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SECTION 2 - IMMOVABLES
Art. 462. Tracts of land, with their component parts, are immovables. [Acts 1978, No. 728, §1]
Art. 463. Buildings, other constructions permanently attached to the ground, standing timber, and unharvested crops or ungathered fruits of trees, are component parts of a tract of land when they belong to the owner of the ground. [Acts 1978, No. 728, §1]
Art. 464. Buildings and standing timber are separate immovables when they belong to a person other than the owner of the ground. [Acts 1978, No. 728, §1]
Art. 465. Things incorporated into a tract of land, a building, or other construction, so as to become an integral part of it, such as building materials, are its component parts. [Acts 1978, No. 728, §1]
Art. 466. Things that are attached to a building and that, according to prevailing usages, serve to complete a building of the same general type, without regard to its specific use, are its component parts. Component parts of this kind may include doors, shutters, gutters, and cabinetry, as well as plumbing, heating, cooling, electrical, and similar systems.
Things that are attached to a construction other than a building and that serve its principal use are its component parts.
Other things are component parts of a building or other construction if they are attached to such a degree that they cannot be removed without substantial damage to themselves or to the building or other construction. [Acts 1978, No. 728, §1; Acts 2005, No. 301, §1, eff. June 29, 2005; Acts 2006, No. 765, §1; Acts 2008, No. 632, §1, eff. July 1, 2008]
Art. 467. The owner of an immovable may declare that machinery, appliances, and equipment owned by him and placed on the immovable, other than his private residence, for its service and improvement are deemed to be its component parts. The declaration shall be filed for registry in the conveyance records of the parish in which the immovable is located. [Acts 1978, No. 728, §1]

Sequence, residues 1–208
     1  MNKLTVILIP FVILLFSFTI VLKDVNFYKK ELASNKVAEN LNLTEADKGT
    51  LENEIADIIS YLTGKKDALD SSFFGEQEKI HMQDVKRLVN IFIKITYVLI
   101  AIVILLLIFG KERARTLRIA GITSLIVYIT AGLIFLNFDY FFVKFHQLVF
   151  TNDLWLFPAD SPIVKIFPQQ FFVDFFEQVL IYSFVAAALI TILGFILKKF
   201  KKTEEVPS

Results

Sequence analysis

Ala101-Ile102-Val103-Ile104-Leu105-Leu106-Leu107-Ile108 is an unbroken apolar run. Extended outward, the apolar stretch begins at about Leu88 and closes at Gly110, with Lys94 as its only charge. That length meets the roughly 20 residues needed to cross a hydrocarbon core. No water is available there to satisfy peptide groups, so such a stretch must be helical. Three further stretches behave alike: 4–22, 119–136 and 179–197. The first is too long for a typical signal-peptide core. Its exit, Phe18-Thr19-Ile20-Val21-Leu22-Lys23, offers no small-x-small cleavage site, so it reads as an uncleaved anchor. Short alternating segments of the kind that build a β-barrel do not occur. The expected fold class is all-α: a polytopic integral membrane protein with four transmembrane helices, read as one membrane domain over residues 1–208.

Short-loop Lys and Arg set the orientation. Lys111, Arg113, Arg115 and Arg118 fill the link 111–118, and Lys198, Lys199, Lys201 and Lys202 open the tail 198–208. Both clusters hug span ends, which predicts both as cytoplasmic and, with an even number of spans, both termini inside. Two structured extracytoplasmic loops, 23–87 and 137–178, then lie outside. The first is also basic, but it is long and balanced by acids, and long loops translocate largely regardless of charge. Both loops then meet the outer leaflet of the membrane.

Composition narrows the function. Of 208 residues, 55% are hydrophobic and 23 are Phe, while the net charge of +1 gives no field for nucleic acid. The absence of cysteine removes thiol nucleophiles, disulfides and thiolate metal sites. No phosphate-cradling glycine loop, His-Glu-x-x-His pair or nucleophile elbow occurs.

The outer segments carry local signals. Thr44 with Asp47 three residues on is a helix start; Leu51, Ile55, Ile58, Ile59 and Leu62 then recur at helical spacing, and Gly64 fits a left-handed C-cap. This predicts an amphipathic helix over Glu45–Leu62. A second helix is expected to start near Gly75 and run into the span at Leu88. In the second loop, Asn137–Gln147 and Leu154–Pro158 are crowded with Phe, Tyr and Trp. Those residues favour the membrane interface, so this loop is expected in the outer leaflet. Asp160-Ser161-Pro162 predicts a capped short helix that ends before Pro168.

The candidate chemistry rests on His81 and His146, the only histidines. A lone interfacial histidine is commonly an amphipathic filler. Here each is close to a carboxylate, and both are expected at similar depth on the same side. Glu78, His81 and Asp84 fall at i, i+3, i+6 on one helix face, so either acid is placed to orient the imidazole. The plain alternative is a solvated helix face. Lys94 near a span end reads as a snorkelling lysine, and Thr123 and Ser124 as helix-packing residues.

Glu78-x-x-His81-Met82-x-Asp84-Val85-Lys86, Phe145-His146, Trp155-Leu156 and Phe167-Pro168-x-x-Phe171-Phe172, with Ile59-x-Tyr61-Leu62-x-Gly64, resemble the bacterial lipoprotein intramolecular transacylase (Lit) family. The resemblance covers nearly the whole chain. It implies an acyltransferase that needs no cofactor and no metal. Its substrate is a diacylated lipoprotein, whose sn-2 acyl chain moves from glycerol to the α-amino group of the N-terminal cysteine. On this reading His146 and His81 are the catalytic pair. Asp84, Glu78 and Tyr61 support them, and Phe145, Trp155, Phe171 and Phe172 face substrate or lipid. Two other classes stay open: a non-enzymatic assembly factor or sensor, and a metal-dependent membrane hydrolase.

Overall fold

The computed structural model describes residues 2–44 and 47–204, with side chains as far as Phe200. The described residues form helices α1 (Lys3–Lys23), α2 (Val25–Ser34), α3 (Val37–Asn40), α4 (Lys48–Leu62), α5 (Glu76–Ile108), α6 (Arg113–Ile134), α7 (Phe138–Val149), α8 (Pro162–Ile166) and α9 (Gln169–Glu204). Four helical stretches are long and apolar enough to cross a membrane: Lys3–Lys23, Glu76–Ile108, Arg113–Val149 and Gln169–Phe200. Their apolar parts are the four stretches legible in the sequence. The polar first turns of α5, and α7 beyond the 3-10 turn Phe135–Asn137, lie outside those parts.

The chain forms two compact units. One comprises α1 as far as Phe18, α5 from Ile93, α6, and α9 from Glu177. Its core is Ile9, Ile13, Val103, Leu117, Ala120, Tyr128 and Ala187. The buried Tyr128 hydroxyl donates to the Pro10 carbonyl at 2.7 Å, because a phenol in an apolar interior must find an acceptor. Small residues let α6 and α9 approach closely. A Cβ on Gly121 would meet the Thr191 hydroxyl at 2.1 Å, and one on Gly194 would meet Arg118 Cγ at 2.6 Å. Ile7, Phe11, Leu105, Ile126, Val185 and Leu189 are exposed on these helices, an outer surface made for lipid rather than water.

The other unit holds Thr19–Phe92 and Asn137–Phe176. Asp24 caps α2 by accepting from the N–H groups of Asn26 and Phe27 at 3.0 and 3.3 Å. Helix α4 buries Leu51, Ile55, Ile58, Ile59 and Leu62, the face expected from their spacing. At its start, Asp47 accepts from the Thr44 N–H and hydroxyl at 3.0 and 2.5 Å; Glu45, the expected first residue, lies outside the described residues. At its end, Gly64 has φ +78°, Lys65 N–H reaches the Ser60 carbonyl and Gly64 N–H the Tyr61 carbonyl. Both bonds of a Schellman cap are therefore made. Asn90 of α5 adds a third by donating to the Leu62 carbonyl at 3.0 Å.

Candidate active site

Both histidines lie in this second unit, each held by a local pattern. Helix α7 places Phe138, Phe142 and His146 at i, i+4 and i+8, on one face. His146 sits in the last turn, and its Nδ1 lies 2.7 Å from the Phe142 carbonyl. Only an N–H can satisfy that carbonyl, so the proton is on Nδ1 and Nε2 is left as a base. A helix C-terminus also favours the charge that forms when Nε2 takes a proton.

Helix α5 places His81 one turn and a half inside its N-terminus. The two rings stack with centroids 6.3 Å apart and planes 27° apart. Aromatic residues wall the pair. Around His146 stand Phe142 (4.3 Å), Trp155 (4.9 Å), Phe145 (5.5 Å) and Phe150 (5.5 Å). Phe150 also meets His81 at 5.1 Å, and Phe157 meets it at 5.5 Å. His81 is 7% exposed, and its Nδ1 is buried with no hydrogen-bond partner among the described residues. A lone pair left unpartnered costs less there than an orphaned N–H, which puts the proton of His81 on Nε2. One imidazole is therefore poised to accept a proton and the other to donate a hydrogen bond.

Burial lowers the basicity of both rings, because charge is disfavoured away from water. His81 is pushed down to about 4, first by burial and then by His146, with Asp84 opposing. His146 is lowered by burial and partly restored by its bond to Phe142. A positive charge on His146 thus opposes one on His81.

Art. 468. Component parts of an immovable so damaged or deteriorated that they can no longer serve the use of lands or buildings are deimmobilized.
The owner may deimmobilize the component parts of an immovable by an act translative of ownership and delivery to acquirers in good faith.
In the absence of rights of third persons, the owner may deimmobilize things by detachment or removal. [Acts 1978, No. 728, §1. Amended by Acts 1979, No. 180, §2]
Art. 469. The transfer or encumbrance of an immovable includes its component parts. [Acts 1978, No. 728, §1. Amended by Acts 1979, No. 180, §2]
Art. 470. Rights and actions that apply to immovable things are incorporeal immovables. Immovables of this kind are such as personal servitudes established on immovables, predial servitudes, mineral rights, and petitory or possessory actions. [Acts 1978, No. 728, §1]
SECTION 3 - MOVABLES
Art. 471. Corporeal movables are things, whether animate or inanimate, that normally move or can be moved from one place to another. [Acts 1978, No. 728, §1]
Art. 472. Materials gathered for the erection of a new building or other construction, even though deriving from the demolition of an old one, are movables until their incorporation into the new building or after construction.
Materials separated from a building or other construction for the purpose of repair, addition, or alteration to it, with the intention of putting them back, remain immovables. [Acts 1978, No. 728, §1]
Art. 473. Rights, obligations, and actions that apply to a movable thing are incorporeal movables. Movables of this kind are such as bonds, annuities, and interests or shares in entities possessing juridical personality.
Interests or shares in a juridical person that owns immovables are considered as movables as long as the entity exists; upon its dissolution, the right of each individual to a share in the immovables is an immovable. [Acts 1978, No. 728, §1]
Art. 474. Unharvested crops and ungathered fruits of trees are movables by anticipation when they belong to a person other than the landowner. When encumbered with security rights of third persons, they are movables by anticipation insofar as the creditor is concerned.
The landowner may, by act translative of ownership or by pledge, mobilize by anticipation unharvested crops and ungathered fruits of trees that belong to him. [Acts 1978, No. 728, §1]
Art. 475. All things, corporeal or incorporeal, that the law does not consider as immovables, are movables. [Acts 1978, No. 728, §1]
CHAPTER 2 - RIGHTS IN THINGS
Art. 476. One may have various rights in things:
2. Personal and predial servitudes; and
3. Such other real rights as the law allows. [Acts 1978, No. 728, §1]
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